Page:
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Rhetoric and Resistance in Black Women's Autobiography (Hardback)Johnnie M. Stover
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"[A] crucial, pioneering book . . . deeply engaging because of the intrinsic interest of the texts Stover brings to light."--Jerrilyn McGregory, Florida State University
Johnnie M. Stover explores the origin and power of black women writers' voices using the personal narratives of 19th-century Americans who were slaves or indentured servants. Displaying aspects of the oral traditions of Yoruba culture in West Africa, these voices took on a subversive tone, a form of expression that Stover describes as the "mother tongue" and argues is completely different from literary forms employed by white men or women or black men.
Stover maintains that the mother tongue--a system of linguistic and physical techniques--developed in response to black women's struggles to find outlets for expression in a white male dominated society. The African American mother tongue is not a result of biology but grew out of the need of black women to resist oppression. It is a combination of words, rhythms, sounds, and silences that black women encoded with veiled meanings. Moreover, it is a physical way of communicating--a look, a set of the lips, a positioning of the hand, hip, and head. It is a stance, an attitude of resistance, and a powerful force in social and political as well as literary life. She proposes that the linguistic practices are a balance of African, European, and African American communicative techniques and include secrets, silences, hesitations, whispers, feigned misunderstanding, lying, masking, mumbling, sass, invective, impudence, and dissembling.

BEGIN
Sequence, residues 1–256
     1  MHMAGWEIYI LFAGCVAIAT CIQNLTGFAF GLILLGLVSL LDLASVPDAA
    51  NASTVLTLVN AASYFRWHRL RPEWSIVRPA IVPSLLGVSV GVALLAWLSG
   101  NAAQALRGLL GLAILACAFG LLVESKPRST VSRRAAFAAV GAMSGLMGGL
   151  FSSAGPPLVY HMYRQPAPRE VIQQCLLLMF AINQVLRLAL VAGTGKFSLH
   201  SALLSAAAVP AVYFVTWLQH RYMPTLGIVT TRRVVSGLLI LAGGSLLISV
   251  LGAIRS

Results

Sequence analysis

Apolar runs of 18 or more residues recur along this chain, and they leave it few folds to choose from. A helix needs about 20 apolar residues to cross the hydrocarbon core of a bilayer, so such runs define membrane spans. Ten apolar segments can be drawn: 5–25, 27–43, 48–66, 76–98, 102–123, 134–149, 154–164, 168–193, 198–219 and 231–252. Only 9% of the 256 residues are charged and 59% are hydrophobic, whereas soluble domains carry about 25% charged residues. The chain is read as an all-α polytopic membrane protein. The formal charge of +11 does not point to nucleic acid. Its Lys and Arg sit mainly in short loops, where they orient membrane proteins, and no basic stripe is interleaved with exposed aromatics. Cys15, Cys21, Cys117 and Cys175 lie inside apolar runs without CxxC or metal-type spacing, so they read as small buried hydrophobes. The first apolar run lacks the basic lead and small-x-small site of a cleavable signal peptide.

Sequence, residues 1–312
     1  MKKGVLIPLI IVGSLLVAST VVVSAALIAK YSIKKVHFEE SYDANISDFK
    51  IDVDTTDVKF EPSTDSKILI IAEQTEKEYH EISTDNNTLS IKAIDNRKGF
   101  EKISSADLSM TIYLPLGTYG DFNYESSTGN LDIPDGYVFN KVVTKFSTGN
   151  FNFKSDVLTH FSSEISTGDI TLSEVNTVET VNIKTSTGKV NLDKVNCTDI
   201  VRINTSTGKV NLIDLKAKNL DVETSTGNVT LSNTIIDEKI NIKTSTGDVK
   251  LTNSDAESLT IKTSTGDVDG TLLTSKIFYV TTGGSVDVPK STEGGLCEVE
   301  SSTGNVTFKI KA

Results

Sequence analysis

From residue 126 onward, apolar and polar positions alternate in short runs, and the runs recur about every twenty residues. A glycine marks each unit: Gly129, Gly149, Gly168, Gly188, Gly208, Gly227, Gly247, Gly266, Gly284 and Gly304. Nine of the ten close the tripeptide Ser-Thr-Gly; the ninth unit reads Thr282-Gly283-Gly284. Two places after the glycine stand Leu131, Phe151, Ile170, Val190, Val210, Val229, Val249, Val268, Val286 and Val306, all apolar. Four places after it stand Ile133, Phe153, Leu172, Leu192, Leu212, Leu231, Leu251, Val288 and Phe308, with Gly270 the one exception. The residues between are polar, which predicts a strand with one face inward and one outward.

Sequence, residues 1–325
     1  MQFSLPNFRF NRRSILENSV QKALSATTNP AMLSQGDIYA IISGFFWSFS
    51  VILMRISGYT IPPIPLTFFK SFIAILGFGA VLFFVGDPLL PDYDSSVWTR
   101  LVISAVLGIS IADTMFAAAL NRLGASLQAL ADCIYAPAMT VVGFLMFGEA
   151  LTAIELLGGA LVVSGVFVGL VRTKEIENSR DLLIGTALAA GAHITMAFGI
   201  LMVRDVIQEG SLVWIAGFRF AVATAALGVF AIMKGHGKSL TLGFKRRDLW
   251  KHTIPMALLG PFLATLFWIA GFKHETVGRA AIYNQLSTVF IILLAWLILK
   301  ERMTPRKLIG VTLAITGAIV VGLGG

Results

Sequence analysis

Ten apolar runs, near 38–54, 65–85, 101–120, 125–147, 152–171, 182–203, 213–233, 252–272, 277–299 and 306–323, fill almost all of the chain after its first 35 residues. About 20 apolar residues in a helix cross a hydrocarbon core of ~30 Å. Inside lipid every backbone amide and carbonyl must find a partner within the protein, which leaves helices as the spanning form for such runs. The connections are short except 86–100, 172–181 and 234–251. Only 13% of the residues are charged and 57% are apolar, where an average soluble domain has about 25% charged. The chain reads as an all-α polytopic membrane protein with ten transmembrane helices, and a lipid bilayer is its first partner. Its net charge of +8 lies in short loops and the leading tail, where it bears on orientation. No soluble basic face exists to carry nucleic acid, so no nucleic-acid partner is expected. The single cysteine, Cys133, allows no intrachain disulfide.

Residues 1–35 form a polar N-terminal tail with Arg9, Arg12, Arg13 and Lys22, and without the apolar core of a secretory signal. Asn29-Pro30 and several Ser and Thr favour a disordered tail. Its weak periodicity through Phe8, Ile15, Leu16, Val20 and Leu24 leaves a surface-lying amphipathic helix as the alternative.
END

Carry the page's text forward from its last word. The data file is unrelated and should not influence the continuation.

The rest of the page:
Stover focuses on four texts that employ the mother tongue and engage sociopolitical issues of the 19th century--Harriet Wilson's Our Nig, Harriet Jacobs's Incidents in the Life of a Slave Girl, Elizabeth Keckley's Behind the Scenes, and Susie King Taylor's Reminiscences of My Life in Camp.
Rhetoric and Resistance will affect the way African American women's autobiography is read today and will be valuable to scholars interested in linguistics and 19th-century literature and in African American, multicultural, and women's studies.
Johnnie M. Stover, assistant professor of English at Florida Atlantic University, Boca Raton, is a contributor to the recently published Toni Morrison Encyclopedia.
Publisher: University Press of Florida